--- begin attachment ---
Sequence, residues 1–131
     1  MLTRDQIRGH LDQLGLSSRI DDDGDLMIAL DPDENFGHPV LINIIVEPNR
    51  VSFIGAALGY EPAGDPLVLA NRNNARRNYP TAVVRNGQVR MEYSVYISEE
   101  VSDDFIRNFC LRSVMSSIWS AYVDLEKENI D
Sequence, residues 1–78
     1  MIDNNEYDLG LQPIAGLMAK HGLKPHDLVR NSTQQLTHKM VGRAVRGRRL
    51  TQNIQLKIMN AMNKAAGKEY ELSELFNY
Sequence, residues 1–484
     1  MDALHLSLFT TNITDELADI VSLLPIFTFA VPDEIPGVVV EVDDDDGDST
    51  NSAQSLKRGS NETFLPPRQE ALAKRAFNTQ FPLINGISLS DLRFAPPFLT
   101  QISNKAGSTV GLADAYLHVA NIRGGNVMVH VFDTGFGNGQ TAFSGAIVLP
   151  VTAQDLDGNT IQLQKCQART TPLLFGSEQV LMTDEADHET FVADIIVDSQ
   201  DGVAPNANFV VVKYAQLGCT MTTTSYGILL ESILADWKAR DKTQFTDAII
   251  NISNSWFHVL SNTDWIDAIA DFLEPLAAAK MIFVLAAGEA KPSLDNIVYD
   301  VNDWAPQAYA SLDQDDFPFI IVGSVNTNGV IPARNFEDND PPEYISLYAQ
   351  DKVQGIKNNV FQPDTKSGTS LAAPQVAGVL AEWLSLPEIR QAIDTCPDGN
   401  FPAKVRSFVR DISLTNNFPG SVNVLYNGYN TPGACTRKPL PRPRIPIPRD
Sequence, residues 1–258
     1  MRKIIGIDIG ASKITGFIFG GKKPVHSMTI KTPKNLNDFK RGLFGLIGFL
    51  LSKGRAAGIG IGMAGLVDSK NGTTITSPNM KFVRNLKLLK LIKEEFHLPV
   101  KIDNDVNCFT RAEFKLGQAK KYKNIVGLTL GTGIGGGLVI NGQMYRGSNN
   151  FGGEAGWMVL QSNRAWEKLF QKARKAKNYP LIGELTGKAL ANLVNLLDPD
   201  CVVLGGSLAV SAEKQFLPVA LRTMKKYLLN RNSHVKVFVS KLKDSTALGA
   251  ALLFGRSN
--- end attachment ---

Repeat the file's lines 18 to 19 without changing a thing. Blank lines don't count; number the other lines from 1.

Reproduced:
Sequence, residues 1–258
     1  MRKIIGIDIG ASKITGFIFG GKKPVHSMTI KTPKNLNDFK RGLFGLIGFL